300ml of milk
150g of grated chedder
20g of butter
25g of plain flour

to finish at about 5:45 - 6:00 (you may need to adjust times to have extra preperation time if you have difficulty using a knife)
4:05 - chop all items that need chopping - onion, garlic, mushroom and grate cheese. if you want to, measure out all the amounts so you dont have to worry while cooking
4:20 - place pan on low heat with oil in (you can continue chopping after you have done this, untill the next instruction)
4:25 - add onions and turn to a medium/high heat - allow to heat for about half a minute, than add garlic
4:26 - add mince, and continue to fry onion, garlic, and mince (in the same pan) untill meat is brown (about 5 minutes) add the pepper if you want it.
4:30 - add tomato add tomato concentrate, then mushrooms and stir
4:31 - add stock and chopped tomato, cover with a lid, and place on the lowest possible heat to simmer while you work on the sauce
4:32 - place the smaller pan on a low heat and start the butter melting
4:33 - ensure butter has melted, then seive in flour, with no lumps. stir
4:34 - add milk (it helps to add it a little at a time). stir
4:35 - increase heat to medium/high and add cheese. stir continously while you do this.
4:40 - turn oven on to 180 degrees C (adjust if needed)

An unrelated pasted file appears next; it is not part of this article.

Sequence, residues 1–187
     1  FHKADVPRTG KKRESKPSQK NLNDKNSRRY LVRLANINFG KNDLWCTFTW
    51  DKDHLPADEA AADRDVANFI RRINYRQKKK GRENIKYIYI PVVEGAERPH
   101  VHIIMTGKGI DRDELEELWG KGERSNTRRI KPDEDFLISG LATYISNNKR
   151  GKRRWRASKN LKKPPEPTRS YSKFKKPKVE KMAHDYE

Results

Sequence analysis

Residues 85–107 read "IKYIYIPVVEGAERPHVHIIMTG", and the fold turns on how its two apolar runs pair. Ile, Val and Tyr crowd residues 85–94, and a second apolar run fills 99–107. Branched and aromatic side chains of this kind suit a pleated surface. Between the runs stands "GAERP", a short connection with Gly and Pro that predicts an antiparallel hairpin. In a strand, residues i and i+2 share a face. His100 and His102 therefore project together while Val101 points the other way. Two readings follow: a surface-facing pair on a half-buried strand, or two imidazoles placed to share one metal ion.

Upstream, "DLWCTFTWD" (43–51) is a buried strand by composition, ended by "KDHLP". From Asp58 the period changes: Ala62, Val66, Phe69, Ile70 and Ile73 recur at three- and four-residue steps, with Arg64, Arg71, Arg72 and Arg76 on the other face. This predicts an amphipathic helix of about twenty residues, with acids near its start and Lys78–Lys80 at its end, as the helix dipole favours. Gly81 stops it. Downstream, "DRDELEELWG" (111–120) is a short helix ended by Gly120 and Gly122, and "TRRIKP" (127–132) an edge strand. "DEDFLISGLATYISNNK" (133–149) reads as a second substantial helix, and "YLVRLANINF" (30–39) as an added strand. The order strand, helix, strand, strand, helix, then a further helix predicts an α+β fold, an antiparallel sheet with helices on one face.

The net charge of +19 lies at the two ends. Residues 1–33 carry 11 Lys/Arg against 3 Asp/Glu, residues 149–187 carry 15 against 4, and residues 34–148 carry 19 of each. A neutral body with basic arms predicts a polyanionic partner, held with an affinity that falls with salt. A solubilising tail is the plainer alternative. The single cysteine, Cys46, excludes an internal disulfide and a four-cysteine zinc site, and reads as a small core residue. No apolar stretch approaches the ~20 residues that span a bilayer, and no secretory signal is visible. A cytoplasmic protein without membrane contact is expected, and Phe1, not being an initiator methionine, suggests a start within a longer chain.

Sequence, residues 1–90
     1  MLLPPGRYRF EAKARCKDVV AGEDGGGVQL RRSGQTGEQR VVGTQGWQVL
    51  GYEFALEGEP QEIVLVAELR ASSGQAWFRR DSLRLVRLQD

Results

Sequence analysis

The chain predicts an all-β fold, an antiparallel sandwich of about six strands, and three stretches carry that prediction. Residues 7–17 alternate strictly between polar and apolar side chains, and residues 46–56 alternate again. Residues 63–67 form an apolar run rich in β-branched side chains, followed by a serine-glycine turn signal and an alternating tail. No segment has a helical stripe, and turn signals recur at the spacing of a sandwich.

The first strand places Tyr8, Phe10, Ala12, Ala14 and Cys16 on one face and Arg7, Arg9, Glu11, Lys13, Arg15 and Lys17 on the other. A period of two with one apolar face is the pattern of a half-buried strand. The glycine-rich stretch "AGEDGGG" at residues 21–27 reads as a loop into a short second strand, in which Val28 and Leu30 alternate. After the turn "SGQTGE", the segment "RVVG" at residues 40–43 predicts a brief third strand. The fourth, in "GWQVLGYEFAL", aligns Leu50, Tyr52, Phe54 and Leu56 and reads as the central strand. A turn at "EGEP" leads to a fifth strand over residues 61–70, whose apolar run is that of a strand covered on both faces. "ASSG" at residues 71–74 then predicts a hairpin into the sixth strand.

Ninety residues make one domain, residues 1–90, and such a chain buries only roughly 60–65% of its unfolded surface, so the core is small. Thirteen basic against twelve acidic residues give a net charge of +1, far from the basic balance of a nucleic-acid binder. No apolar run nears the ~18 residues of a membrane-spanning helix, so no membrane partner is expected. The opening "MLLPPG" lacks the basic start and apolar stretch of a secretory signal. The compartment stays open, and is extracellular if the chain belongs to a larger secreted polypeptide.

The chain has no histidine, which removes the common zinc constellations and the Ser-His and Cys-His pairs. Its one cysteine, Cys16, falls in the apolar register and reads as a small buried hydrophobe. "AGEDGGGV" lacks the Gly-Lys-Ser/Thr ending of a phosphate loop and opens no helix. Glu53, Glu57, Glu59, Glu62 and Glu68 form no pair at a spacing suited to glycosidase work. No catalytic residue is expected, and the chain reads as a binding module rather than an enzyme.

4:40 - (after turning oven on) into the pyrex dish add a layer of the meat and tomato sauce, then pasta, and keep alternating untill you have got enough in the dish
4:59 - set up timer for 45 minutes
5:00 - place dish (with food still in it :lol: ) in the oven, and start timer
5:00-5:45 - make any side dishes needed, i suggest garlic bread and salad. (this may require you to start earlier, so untill you are used to it, choose something you can do in the time not taken with the main part of the meal)
5:45 - using gloves (oven gloves that go a little way up the arm stop you burning your wrists on the sides and door fo the oven) or a cloth, remove dish from the oven and poke a knife through, the knife should go through easily and the food should feel soft. if it is soft, take out and serve, if not, replace in the oven, and check evry 5 - 10 minutes in the same way.
5:45-6:00 - serve, with any side dishes.

http://www.godine.co.uk/blog/lasagna-recipe

any rescapie can be layed out like this, and after a while you can get used to it. dont rely on my instructions alone, look through the instructions on the link if you actually want to try it.
like i said, i havent actually done this particular one, its just an example. any comments and improvements are welcome. the timings are set out to my ability, you night need to increase (or decrease) preperation time.

if i get a chance, i will put more on here.